The Ivy Coach Daily
February 2, 2024
Is Attending an Ivy League School Worth It?
Is attending an Ivy League school worth it? The short answer is an unequivocal yes! An Ivy League degree remains the gold standard of American higher education. But to argue that schools like Harvard and Yale distinguish themselves from other selective schools on the basis of teaching alone would be shortsighted. After all, a Psych 101 class teaches the basics of the discipline whether one is taking it at Michigan or Columbia. Ivy League schools provide students with access to some of the most influential and revolutionary minds in academia alongside a robust array of educational support resources, but these factors serve as just one of many criteria that set these eight legendary schools apart from the rest.
5 Benefits of Attending an Ivy League School
While the benefits of attending one of the eight Ivy League institutions are immeasurable, five key advantages are as follows:
- An Ivy League degree can help land that critical first job. In a sea of resumes without years of experience, it can be a key differentiator..
- Ivy League graduates tend to make more than their non-Ivy League peers at the start and midpoint of their careers.
- Every student’s slot at an Ivy League school is carefully handpicked. They’re all there for a reason — even if may not seem so obvious when one hears a peer make a comment in class that leaves students scratching their heads.
- Ivy League graduates attend school with future captains of industry. There’s a decent chance that, in the years to come, they’ll know members of Congress. They’ll know titans of finance and Hollywood mega-producers.
- Few will ever question if an Ivy League grad is smart. Sure, there are some not-so-bright Ivy League graduates, but graduates of the Ivy League so often get the benefit of the doubt — whether they realize it or not.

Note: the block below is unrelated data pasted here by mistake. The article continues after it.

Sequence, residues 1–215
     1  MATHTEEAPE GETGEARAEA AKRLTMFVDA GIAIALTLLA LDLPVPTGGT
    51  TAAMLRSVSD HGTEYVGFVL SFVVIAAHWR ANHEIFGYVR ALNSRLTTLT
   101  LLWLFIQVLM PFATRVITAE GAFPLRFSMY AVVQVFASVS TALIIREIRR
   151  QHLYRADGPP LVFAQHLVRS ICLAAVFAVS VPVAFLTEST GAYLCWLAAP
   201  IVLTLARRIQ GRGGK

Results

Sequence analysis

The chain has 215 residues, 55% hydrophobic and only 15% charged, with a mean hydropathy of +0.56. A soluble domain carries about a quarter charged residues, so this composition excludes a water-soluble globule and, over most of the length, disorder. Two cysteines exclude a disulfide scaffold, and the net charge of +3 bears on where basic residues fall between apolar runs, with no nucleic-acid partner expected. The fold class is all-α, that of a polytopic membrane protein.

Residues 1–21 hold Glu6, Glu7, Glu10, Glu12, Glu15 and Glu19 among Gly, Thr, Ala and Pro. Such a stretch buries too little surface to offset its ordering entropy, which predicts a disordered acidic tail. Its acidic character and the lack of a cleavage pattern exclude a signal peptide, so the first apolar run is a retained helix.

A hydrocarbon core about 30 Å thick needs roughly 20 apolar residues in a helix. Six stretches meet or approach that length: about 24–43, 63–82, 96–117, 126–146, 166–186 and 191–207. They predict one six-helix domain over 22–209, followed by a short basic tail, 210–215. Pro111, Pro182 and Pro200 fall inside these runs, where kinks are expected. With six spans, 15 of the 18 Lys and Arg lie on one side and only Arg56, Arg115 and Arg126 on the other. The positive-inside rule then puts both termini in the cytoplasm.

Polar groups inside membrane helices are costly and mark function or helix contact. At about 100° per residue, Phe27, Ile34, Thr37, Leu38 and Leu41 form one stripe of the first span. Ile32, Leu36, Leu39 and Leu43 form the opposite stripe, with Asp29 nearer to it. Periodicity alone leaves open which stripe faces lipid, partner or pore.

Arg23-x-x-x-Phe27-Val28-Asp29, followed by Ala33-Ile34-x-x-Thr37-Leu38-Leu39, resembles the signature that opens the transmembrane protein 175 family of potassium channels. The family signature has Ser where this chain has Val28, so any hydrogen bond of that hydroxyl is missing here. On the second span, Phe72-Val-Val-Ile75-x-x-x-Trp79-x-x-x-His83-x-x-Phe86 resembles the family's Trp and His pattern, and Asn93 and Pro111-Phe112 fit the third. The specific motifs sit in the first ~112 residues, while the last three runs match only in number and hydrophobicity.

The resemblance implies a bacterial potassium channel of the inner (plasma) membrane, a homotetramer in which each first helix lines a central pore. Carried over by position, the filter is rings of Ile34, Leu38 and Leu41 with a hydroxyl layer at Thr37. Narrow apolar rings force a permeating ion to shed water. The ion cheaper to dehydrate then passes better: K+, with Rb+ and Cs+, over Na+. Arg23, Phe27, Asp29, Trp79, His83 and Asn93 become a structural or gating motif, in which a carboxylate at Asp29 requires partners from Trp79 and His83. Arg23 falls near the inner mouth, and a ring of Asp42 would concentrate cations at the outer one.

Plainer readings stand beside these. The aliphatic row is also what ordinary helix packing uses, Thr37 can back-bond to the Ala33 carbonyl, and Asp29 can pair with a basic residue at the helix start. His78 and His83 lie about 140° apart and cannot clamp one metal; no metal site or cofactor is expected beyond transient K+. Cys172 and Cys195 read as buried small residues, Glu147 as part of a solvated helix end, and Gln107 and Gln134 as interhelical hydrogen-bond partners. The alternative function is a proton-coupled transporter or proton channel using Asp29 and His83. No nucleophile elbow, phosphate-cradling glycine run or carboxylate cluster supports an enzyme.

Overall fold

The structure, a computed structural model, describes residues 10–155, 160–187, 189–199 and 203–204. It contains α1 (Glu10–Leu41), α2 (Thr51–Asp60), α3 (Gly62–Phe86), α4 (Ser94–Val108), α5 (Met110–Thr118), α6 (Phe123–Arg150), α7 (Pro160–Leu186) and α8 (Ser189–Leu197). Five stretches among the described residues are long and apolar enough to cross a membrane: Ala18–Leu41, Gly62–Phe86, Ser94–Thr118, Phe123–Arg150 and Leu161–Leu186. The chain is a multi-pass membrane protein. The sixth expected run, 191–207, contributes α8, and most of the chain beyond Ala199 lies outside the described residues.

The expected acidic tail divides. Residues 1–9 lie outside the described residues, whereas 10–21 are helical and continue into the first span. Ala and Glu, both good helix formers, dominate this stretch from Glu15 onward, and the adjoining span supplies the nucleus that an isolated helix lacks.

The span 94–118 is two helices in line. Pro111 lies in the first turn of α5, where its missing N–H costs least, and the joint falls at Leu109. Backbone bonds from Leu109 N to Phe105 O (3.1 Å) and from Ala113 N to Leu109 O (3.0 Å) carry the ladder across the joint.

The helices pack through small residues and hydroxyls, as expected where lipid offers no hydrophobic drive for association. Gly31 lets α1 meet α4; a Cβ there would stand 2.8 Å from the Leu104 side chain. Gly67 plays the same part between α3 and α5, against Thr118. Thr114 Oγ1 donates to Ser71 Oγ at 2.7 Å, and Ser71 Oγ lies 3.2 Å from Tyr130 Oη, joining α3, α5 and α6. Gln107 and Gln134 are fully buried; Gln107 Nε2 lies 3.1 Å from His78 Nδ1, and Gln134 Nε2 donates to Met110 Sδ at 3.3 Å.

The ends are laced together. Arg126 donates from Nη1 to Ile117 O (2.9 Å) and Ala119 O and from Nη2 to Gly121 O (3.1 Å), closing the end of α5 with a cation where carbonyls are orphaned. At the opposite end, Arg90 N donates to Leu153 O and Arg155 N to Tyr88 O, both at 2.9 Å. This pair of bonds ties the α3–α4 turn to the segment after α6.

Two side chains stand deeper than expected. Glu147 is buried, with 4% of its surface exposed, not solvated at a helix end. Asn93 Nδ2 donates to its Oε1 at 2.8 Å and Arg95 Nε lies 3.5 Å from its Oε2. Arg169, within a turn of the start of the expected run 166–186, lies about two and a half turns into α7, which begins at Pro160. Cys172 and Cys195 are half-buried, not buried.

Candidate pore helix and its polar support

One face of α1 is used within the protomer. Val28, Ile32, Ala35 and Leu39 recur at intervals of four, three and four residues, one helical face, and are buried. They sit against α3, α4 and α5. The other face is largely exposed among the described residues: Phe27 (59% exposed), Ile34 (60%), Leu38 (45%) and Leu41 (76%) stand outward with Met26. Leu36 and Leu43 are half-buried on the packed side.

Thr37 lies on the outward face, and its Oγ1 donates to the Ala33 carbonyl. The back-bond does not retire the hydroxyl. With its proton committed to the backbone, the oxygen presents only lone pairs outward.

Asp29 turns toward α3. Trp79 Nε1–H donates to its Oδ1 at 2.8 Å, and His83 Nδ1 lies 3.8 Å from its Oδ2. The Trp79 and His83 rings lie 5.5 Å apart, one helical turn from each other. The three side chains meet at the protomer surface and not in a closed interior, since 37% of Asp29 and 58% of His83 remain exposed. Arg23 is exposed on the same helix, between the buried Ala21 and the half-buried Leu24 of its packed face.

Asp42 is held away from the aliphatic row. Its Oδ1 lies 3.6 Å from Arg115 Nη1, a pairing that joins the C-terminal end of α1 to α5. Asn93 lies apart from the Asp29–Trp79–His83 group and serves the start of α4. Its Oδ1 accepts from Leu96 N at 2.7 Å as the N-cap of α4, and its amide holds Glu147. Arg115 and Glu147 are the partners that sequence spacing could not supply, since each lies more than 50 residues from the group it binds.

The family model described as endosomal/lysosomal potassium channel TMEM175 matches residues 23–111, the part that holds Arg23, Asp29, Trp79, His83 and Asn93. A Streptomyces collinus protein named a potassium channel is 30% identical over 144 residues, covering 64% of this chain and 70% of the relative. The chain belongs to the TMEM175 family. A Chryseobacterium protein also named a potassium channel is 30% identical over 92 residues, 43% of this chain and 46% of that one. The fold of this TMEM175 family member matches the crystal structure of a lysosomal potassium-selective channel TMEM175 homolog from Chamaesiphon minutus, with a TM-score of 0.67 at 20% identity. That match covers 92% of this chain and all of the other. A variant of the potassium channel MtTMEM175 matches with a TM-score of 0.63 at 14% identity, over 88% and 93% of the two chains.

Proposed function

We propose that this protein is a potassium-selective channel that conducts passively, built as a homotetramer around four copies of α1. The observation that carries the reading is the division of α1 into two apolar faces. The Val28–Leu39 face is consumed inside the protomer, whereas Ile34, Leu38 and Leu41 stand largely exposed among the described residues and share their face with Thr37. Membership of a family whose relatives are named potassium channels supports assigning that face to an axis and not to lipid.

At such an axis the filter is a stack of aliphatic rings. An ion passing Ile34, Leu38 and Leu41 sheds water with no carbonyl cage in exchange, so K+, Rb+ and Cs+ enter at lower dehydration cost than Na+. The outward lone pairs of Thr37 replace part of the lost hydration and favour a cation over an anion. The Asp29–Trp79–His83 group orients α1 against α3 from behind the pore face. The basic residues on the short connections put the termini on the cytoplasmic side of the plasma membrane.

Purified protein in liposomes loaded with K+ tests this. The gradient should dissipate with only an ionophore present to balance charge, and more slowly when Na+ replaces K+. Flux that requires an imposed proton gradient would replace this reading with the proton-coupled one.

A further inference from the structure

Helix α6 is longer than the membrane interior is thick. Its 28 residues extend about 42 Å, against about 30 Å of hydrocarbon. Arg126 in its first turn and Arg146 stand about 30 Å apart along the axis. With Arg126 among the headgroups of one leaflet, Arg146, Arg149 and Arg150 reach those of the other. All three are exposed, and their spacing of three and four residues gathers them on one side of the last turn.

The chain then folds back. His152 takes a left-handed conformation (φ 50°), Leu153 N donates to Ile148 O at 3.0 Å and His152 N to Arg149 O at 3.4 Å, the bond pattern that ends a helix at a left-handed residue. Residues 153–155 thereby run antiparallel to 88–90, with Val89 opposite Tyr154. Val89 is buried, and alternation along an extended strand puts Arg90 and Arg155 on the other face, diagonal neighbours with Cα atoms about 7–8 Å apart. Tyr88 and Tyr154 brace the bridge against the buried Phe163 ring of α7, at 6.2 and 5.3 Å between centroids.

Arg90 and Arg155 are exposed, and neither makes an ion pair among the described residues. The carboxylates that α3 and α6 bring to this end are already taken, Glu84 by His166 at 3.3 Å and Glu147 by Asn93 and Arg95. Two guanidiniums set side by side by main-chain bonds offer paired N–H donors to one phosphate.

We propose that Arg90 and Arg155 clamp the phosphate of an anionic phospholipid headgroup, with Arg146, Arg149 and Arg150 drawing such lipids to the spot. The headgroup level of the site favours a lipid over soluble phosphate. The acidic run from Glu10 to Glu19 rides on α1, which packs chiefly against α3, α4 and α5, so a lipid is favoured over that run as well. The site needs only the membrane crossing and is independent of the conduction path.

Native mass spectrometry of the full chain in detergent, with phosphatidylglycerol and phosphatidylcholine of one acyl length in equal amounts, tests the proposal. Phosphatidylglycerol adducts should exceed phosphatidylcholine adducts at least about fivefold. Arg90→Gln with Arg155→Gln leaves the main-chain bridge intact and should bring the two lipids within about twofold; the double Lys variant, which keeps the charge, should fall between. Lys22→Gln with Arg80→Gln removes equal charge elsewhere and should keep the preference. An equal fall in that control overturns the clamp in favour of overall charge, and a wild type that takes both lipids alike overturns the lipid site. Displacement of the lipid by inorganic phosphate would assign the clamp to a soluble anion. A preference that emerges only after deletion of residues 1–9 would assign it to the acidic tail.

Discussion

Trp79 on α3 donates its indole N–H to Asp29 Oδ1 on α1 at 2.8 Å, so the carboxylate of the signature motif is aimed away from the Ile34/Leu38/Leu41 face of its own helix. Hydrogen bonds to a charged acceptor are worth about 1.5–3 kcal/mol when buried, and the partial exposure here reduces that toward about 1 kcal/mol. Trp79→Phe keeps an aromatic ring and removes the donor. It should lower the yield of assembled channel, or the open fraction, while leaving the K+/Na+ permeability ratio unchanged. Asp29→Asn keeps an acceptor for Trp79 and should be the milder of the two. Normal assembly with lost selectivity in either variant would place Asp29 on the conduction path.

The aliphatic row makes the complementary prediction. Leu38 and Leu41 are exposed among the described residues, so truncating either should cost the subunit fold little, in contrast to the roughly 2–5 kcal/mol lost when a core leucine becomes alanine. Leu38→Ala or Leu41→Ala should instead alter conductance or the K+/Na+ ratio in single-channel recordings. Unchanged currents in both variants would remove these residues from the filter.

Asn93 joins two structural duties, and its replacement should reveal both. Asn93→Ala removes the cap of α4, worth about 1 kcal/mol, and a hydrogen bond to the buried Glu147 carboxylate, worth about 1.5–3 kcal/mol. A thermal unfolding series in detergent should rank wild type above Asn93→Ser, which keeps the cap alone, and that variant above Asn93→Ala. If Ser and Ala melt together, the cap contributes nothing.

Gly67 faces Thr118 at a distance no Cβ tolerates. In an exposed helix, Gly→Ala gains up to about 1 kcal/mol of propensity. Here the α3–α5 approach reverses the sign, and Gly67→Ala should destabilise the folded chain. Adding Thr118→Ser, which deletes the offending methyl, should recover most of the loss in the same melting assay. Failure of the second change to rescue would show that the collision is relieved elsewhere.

An Ivy League Degree Is Worth The Cost: Don’t Take Our Word for It, Trust the Data.
Department of Education data has long indicated that Ivy League graduates out-earn their high-achieving counterparts at non-Ivy League universities both at the start of their careers, and even more so by mid-career (by tens of thousands of dollars in annual salary). A survey of the corporate leaders of any given industry will lend anecdotal evidence to this case. Whether one sneaks a look at an editorial meeting for a glossy magazine, at the trading floors of a Wall Street skyscraper, or at the credits of a major motion picture, one will notice names culled from the Ivy League docket. These eight schools represent a mere fraction of those in the U.S. with highly selective admissions and stellar reputations, but nonetheless account for a disproportionate number of Fortune 500 CEOs and members of Congress.
What Makes an Ivy League Degree Different? Social Capital.
Ivy League schools have been around for a long time (with the exception of Cornell, all were founded prior to the founding of the United States itself!). The centuries that have passed since their inception have not been spent idly. While building its academic reputation, the Ivy League simultaneously created vast alumni networks, insider access to pre-professional opportunities, and cozy relationships with major companies, all forged by a shared sense of prestige, mutual trust, and camaraderie. Goldman Sachs and McKinsey & Company could, in theory, focus their recruitment efforts on elite public institutions and create corporate classes nearly as impressive as they would find at Princeton or Dartmouth. But the Ivy League serves as a recruitment stomping ground for such companies because generations of precedent have demonstrated over and over that Ivy Leaguers are reliable, innovative, and hardworking.